### 74TrAkToR's blog

By 74TrAkToR, history, 18 months ago,

Спасибо за участие!

1744A - Number Replacement придумал MikeMirzayanov, подготовил 74TrAkToR

1744B - Even-Odd Increments придумал и подготовил 74TrAkToR

1744C - Traffic Light придумали MikeMirzayanov и 74TrAkToR, подготовил 74TrAkToR

1744D - Divisibility by 2^n придумал и подготовил 74TrAkToR

1744E2 - Divisible Numbers (hard version) придумал и подготовил 74TrAkToR

1744F - MEX vs MED придумал и подготовил 74TrAkToR

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 » 18 months ago, # |   +3 Nice Editorial, and very nice round!
 » 18 months ago, # |   0 This is so sad. If I knew that the max number of divisors in a number < 1e9 is 1344 I for sure could have finished question E2 because I had the same idea is the editorial. :(((
•  » » 18 months ago, # ^ |   0 I didn't knew that but the solution made sense and I didn't have any other idea so I just assumed it. If it would have failed, it would have failed. What I'm saying is sometimes you have to go with your gut instead of proving whether the solution will work. Atleast that's what I think.
•  » » » 18 months ago, # ^ | ← Rev. 2 →   0 That is true but I didn't really have any gut feeling that told me that the max number of divisors would be small. In fact my gut actually told me that the number of divisors of sum n could be as big as a constant fraction of sqrt(n). But ig i should have tried it anyways.
•  » » » » 18 months ago, # ^ | ← Rev. 2 →   0 Things like these have happened to me also. In these situations, may be we should refer OEIS and try to get some idea. OEIS does help in such mathematical problems.Maximal number of divisors of any n-digit number.
•  » » 18 months ago, # ^ |   0 You can argue that the logic wouldnt TLE without knowing the exact number as 1344. Since the number of divisors of n = 2^a 3^b 5^c ... is given by (a+1)*(b+1)*(c+1)..., we can get a very rough estimate for the upper bound of the number of divisors as max divisors = (log_2(10^9)+1) * (log_3(10^9)+1) * (log_5(10^9)+1) * ... = 33 * 20 * 13 * 9 * ... < 10^5 
•  » » » 18 months ago, # ^ |   +1 Wait I don't understand your logic for calculating upper bound of max number of divisors. Also 1e5 is too big for an n^2 algorithm isn't it?
 » 18 months ago, # |   0 Since x⋅y must be divisible by a⋅b, the following conclusion can be drawn: y must be divisible by a⋅b/gcd(a⋅b,x)Can anyone please prove this how in the problem E.
•  » » 18 months ago, # ^ |   0 This is not something that you "prove". It is something that you intuitively know. When you unpack this statement it doesn't actually say much but the math makes it kind of convoluted so I'll explain it. To have some x*y be divisible by a*b, the set of prime divisors in a*b should be a subset of prime divisors in x*y. In other words, for every prime divisor in a*b, that prime divisor should also exist in x*y. Now if you think about it, gcd(a*b, x) simply means the set of prime divisors in x, which are also prime divisors in a*b. This means that the y that you choose only has to contain the prime divisors that is in a*b but not in x. This is given by the expression u gave ((x*y)/gcd(a*b, x)).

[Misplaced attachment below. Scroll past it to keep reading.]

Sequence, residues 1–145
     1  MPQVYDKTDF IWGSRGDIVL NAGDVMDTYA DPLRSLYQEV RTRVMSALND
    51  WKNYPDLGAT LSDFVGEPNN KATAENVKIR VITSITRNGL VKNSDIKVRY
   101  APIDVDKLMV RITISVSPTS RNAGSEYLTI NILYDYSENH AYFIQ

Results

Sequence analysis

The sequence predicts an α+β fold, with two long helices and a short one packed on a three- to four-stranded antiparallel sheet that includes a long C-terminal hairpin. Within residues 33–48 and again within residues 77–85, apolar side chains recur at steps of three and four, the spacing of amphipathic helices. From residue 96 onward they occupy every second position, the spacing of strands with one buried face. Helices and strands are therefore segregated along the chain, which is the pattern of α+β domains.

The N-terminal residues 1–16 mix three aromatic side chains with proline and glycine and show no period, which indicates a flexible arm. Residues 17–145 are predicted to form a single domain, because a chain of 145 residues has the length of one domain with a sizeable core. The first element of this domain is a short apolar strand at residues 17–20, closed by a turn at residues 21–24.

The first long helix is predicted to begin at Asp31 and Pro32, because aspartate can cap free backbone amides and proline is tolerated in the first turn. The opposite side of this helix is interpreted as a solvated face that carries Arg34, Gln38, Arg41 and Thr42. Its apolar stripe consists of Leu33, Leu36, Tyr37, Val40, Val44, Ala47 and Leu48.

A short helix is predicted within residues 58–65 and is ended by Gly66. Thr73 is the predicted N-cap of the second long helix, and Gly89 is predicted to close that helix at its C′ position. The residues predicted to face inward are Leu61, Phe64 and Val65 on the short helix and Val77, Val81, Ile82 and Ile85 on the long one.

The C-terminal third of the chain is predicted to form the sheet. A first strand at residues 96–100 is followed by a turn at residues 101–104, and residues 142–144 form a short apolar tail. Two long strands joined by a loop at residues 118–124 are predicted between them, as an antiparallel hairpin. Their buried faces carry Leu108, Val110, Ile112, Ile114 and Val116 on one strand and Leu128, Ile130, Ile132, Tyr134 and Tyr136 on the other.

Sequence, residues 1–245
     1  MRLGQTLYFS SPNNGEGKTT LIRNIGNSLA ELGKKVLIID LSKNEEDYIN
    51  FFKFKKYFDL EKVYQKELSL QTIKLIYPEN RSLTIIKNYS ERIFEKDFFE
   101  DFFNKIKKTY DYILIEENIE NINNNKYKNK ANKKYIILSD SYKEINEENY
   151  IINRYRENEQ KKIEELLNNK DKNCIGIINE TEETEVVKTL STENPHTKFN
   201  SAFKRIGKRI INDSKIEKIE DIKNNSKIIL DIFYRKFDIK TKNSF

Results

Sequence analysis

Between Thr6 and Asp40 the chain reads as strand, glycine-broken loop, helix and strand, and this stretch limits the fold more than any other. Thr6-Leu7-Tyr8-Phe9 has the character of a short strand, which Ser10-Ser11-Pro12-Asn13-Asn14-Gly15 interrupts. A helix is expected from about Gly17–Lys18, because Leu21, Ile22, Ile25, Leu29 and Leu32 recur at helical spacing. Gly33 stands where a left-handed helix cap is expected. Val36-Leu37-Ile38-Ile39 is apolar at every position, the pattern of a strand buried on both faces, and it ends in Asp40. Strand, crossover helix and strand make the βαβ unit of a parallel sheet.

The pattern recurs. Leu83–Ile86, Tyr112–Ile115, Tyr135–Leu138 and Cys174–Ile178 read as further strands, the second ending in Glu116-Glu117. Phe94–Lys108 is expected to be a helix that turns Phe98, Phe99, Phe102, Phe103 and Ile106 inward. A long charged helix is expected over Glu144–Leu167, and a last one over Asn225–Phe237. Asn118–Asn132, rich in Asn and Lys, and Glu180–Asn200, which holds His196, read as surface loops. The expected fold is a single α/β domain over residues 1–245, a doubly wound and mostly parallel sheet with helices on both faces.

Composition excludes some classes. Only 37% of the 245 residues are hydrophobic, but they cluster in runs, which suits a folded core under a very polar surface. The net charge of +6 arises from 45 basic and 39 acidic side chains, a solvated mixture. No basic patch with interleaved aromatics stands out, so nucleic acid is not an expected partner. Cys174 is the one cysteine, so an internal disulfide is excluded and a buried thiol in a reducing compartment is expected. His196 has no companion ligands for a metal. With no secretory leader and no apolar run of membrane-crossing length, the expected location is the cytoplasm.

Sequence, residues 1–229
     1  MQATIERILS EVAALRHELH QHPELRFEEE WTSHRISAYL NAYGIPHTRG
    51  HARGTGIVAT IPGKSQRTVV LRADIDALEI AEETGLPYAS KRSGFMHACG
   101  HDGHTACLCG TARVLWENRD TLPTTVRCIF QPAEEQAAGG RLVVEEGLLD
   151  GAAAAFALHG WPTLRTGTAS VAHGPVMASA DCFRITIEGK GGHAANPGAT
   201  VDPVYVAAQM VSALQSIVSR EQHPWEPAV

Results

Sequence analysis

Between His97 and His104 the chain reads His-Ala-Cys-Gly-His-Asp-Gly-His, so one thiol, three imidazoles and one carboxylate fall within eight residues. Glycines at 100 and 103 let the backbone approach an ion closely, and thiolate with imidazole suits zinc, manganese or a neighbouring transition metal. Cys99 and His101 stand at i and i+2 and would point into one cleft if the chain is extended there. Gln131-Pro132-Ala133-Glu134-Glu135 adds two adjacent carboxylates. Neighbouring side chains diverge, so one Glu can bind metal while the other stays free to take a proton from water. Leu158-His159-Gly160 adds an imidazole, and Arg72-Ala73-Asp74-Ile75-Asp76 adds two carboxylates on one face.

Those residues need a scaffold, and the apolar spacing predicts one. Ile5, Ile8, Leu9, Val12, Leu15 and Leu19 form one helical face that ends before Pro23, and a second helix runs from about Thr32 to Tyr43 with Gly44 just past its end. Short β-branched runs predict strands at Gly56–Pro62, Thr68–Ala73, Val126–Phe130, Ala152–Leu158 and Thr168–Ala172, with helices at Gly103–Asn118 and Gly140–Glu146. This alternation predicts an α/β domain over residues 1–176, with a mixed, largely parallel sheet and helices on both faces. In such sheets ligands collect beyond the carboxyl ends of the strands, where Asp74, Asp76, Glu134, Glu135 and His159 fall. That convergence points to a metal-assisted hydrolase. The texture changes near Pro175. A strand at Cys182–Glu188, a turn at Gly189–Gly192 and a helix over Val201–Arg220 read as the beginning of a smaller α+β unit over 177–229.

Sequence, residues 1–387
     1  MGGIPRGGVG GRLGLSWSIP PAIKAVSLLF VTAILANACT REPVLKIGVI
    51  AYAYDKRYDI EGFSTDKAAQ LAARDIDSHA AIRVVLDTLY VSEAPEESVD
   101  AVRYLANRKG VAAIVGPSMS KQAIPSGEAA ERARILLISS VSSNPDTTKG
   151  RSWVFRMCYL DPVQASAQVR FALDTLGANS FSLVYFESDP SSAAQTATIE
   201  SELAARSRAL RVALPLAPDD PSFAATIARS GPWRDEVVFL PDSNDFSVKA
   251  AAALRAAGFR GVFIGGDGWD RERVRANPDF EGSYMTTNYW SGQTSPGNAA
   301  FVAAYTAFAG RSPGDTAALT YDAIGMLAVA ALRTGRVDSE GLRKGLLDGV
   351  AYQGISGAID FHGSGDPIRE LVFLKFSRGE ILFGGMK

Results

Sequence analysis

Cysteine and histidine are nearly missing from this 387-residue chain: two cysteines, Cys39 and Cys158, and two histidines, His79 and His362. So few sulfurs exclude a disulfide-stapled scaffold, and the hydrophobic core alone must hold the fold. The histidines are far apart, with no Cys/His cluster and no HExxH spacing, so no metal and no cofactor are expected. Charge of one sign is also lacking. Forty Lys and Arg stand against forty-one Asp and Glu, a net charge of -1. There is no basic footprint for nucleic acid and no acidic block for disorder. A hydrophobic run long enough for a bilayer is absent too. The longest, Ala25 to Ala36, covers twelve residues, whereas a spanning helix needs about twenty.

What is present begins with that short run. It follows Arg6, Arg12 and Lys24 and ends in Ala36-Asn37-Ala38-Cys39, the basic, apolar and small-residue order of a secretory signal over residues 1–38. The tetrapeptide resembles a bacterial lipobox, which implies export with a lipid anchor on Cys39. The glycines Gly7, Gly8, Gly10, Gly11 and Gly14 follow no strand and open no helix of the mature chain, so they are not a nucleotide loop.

•  » » » 14 months ago, # ^ |   0 Had same doubt.Thanks for explaining.
•  » » » 8 months ago, # ^ |   0 how does it mean that gcd(a*b , x) means the set of prime divisors of which are also prime divisors in a*b
•  » » 18 months ago, # ^ |   0 Both x and y should together make up a*b => so x should have some part of a and some part of b. => so y should have some part of a and some part of b.  This some part which is I mentioned above is nothing but "factor of a given number" Now x and y can be written as x = afact1 * bfact1 * k y = afact2 * bfact2 * k  Here k is some constant, afact1 and afact2 is factorials of a, bfact1 and bfact2 are factorials of b and also note that a = afact1 * afact2 = a, b = bfact1*bfact2  so fix afact1 and bfact1 we get afact2 = a/afact1 and bfact2 = b/bfact1 
•  » » » 18 months ago, # ^ |   0 What a clear explanation
 » 18 months ago, # |   0 The Editorial didn't add to Contest materials and lots of ppl don't know that it comes
 » 18 months ago, # |   0 Nice Editorial,thanks.
 » 18 months ago, # |   0 Anyone know how so many solution for E were being hacked? What did the test case contain?
 » 18 months ago, # |   +1 Some please explain F
 » 18 months ago, # | ← Rev. 2 →   0 Can anyone please explain why this code is not working? This is the code for Problem D.178113368
•  » » 18 months ago, # ^ |   0 Hi, your solution is almost correct... When choosing which indices to apply the operation on, you went from N to 1, but a bigger number doesn't necessarily mean a bigger number of twos. Take for example 5(0) and 4(2). So instead of going from N to 1, you should sort the indices by their number of twos and go from the biggest to the smallest. Hope this helps <3
 » 16 months ago, # |   0 I have a better time complexity solution for E, which works in O(sqrt(a) + 1344 * log(1344)).I have no idea why this works. Can somebody please help? https://mirror.codeforces.com/contest/1744/submission/186708442The code iterates through all factors of a (say p) and finds the largest factor of b (say q) such that x = a * q / p and y = b * p / q. Then it takes the multiple of x just smaller or equal to c and the same for y. The code then swaps the numbers and does it again.
 » 8 months ago, # |   0 2333 But I'm a Chinese primary student.